-Poster 2 could also be used to prompt questions for mental maths work, e.g. How many grams of margarine would I have if I had 3 scoops? If I had 90g of chocolate, how many cubes would I have?

-The excel worksheet allows the user to change the mass of various items and see what happens to the energy content. This could be used on an interactive whiteboard, again, as a prompt for mental maths work (or on individual computers – embedded ICT). Children could be asked questions such as – if I had 200g of oranges, how much energy would that provide? Children’s answers could be checked using the excel program.

counting and ordering
Counting and ordering
  • Count and order numbers

-Use the FFL, 5-7, Key Fact 2 - Food Cards 1, to create ordering and counting activities, e.g. How many fruits/vegetables can you count? How many red foods? How many types of bread? How many foods with circular or oval shapes?

-Using the FFL, 5-7, Key Fact 3 – Fruit Kebab, recipe 2, children can create fruit kebabs that contain a specified number of pieces of each type of fruit (counting skills). They can also experiment with repeating patterns. (Using this recipe, older children could do ratio work, e.g. create a kebab with the ratio of melon to grapes 2 : 3.)

-Other FFL recipes could also be used to promote counting, e.g. through counting out ingredients (slices, handfuls) and counting out portions for those eating.

counting and ordering continued
Counting and ordering continued…

-Using the Energy Cards (FFL, 8-11, Key Fact 3 –Food Cards 5), children can practise reading

and ordering 3 and 4 digit numbers. These cards can also be a prompt for getting children to

round the numbers up/down to the nearest 10 or 100 and questioning children on the

value of digits in the numbers.

-More able children could order decimal numbers using the Nutrient Cards (FFL, 8-11, Key

Fact 4 – Food Cards 6). For example they could order foods according to the amount of

protein they provide or find the 5 items that provide the most fat and put them in order.

the four operations x
- +The four operations ÷X
  • Whole numbers and decimals

-Use the Energy Chart (FFL, 8-11, Key Fact 3 – worksheet 20) and the Nutrient

Cards(FFL, 8-11, Key Fact 4 – Food Cards 6) to generate mental or written questions of

varying difficulty, e.g.

How much energy would a 35kg child use if he/ she read a book for 30 minutes?

If a 35 kg child ate two bread rolls and 50g cheese, would this give him/her

enough energy to skip for 30 minutes?

How much protein would be provided if I ate 2 lamb chops and 50g of baked


-Use food prices to calculate the cost of making recipes from the FFL website, e.g. fruit


-Plan an end of term party - use the FFL recipes and calculate the amount needed and

cost for the whole class. Introduce the idea of ratio to increase the recipes. Make the


-Calculate the energy content for a selection of foods, e.g. a cheese sandwich and half an orange.

  • Use simple fractions

-Use cooking as an opportunity to explore fractions and related vocabulary, e.g. make bread using the FFL recipe, get the children to work in 4s so they have to quarter the mixture, get them to halve their own portion to create two small rolls. Other recipes can also be used to get children to share and cut/divide ingredients into portions for preparing and consuming.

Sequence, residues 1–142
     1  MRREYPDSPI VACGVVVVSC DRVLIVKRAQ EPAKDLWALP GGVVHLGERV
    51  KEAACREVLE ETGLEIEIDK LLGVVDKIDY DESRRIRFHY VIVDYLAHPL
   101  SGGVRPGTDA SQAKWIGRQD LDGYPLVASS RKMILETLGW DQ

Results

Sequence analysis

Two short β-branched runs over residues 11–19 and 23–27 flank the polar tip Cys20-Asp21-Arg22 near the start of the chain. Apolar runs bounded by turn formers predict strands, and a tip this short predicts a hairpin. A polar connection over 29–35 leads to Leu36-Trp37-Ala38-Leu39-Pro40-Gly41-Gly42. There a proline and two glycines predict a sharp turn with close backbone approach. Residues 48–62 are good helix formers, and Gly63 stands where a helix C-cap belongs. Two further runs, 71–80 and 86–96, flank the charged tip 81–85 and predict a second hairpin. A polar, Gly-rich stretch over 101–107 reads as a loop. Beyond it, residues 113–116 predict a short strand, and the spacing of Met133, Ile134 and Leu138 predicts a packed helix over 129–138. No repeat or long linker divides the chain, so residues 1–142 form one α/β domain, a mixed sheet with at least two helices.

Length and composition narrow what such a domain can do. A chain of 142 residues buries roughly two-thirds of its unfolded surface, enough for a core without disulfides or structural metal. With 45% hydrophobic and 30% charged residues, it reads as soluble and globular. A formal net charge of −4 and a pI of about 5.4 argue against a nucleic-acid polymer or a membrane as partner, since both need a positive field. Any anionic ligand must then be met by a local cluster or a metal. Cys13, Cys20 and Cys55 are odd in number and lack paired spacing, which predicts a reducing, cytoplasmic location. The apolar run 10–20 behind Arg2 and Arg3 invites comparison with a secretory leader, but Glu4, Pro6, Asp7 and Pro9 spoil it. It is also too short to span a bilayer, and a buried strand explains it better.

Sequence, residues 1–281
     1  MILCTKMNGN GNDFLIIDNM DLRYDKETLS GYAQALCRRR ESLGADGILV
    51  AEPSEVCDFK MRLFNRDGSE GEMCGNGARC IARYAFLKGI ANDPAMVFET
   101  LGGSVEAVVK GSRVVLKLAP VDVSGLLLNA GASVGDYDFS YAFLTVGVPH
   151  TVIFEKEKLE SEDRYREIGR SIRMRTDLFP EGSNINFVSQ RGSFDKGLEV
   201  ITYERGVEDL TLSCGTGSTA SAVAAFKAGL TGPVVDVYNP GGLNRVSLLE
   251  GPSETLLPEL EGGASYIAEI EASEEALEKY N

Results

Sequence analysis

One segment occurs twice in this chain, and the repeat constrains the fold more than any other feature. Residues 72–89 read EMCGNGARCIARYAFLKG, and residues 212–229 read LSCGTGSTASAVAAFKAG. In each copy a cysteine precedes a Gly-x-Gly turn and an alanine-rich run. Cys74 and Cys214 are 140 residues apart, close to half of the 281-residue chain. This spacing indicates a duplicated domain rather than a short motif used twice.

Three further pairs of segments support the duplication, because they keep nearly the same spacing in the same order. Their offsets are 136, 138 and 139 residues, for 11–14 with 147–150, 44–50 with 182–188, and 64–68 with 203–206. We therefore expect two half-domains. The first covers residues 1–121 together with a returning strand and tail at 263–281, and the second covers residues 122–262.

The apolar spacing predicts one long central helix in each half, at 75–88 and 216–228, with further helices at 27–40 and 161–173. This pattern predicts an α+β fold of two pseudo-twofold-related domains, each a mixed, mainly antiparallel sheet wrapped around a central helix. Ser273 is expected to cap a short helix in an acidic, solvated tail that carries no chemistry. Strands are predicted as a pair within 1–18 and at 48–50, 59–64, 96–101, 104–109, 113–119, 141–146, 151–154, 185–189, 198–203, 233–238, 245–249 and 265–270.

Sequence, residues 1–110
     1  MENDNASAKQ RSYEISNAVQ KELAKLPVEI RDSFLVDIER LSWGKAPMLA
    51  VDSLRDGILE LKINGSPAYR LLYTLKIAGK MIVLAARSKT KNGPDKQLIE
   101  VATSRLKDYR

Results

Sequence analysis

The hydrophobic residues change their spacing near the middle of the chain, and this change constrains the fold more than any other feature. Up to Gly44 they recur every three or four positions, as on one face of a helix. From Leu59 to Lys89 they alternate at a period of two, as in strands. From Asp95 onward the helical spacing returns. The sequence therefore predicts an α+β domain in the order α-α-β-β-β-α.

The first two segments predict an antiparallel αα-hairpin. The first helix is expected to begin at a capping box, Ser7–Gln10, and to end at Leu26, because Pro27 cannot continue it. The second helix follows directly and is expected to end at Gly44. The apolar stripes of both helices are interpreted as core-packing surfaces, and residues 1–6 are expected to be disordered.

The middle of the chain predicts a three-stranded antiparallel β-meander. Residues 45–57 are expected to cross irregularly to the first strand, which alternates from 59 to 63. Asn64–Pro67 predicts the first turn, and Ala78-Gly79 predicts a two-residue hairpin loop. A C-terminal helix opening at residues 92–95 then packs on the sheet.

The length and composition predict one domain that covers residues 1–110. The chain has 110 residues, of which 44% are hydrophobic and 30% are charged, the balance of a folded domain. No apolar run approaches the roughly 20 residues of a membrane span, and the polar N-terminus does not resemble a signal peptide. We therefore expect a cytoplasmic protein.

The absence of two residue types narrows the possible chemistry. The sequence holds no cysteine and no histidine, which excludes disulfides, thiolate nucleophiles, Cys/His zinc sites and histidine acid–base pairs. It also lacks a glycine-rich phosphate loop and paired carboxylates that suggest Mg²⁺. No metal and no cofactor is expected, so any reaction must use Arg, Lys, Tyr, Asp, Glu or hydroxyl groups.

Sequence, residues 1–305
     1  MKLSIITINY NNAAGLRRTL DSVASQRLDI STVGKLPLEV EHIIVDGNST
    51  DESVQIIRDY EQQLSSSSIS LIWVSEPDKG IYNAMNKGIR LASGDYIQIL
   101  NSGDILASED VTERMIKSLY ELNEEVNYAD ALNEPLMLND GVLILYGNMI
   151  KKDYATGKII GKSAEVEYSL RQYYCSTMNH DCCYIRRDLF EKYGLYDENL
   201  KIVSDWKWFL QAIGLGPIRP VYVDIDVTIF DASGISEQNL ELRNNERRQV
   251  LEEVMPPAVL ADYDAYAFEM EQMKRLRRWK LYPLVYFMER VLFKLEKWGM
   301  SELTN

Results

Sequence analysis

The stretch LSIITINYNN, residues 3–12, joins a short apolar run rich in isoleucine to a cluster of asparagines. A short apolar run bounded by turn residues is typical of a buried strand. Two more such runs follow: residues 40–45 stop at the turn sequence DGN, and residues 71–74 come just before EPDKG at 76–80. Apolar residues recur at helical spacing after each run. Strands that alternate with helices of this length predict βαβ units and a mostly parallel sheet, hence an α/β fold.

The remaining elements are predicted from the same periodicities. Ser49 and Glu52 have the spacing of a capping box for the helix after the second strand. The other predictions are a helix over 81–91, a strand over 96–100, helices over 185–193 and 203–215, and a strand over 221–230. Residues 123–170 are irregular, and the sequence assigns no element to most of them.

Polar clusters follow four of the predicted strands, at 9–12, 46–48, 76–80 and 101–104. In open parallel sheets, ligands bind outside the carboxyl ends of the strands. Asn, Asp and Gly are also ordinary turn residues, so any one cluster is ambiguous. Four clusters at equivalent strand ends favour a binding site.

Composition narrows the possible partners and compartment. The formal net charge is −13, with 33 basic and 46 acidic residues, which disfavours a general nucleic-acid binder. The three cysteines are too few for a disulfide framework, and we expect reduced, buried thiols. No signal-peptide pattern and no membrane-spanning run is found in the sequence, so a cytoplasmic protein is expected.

-Children could reduce or increase recipes from the FFL site, e.g. If you double this BLT recipe, what will you need?

-Introduce equivalent fractions through food, e.g. slice up a sandwich and demonstrate a

quarter is the equivalent of two eighths.

-Explore fractions of quantities through food, e.g. Share this punnet of strawberries into 5 groups (for 5 smoothies), how many strawberries in each fifth? How many in 2 fifths?

  • Read and write instructions

-Read the recipes from FFL, 5-7, Key Fact 3 & 4 (Fruit salad, Smoothie, Sandwich wrap) and

discuss the features of this type of text.

-In pairs or small groups, re-read the method section of a recipe and mime or Illustrate

each stage.

-Read and follow the instructions to prepare the food in the recipe.

-Write a new recipe based on those read and tried, e.g. a vegetable/fruit kebab or fruit

salad made with different types of fruit. Use the recipes as models for writing.

instruction continued
Instruction continued…
  • Read, write and identify the features of instructions

The activity ideas on the previous page can be repeated with older children but to a higher

level :

-Read recipes from FFL, 8-11, Key Fact 4 (Super salad, Triple Decker Sandwich) and

discuss the features of this type of text in detail, e.g. lists, numbered points

- Identify key words, e.g. imperative verbs - cut, place, mix *

-Follow the recipe instructions, taking more responsibility for organising equipment,

ingredients and hygienic practice.

-Write new recipes and test them to see if the instructions are clear and the end product

is good. Write instructions for being hygienic (FFL, 8-11, Key Fact 5 – work on hygiene)

*see the main British Nutrition Foundation website for individual, labelled photographs of different actions,

go to, Cook Club and then Actions.

List punctuated by commas


Chronological sequence


Bullet point

instruction continued22
Instruction continued…

For more primary recipes, available in different formats, have a look at the main British

Nutrition Foundation website, go to:, Cook Club and then

Primary School Recipes.

Step by step instructions with photographs.

A5 photographs with a sentence for each stage of the recipe.

A5 photographs with the action word for each stage of the recipe.

story writing
Story writing
  • Write Stories

-Experiential stories: Make some of the recipes (FFL, 5-7, Key Fact 3 & 4) and ask children to

write about their cooking experience or use the experience as a prompt to create a fictional

cooking story like The gingerbread man. Create a simple picture story book with sentences.

-Myths: Show a selection of interesting fruits and vegetables, allow children to handle and

taste them. Record a detailed sensory investigation of some of the items (how they look,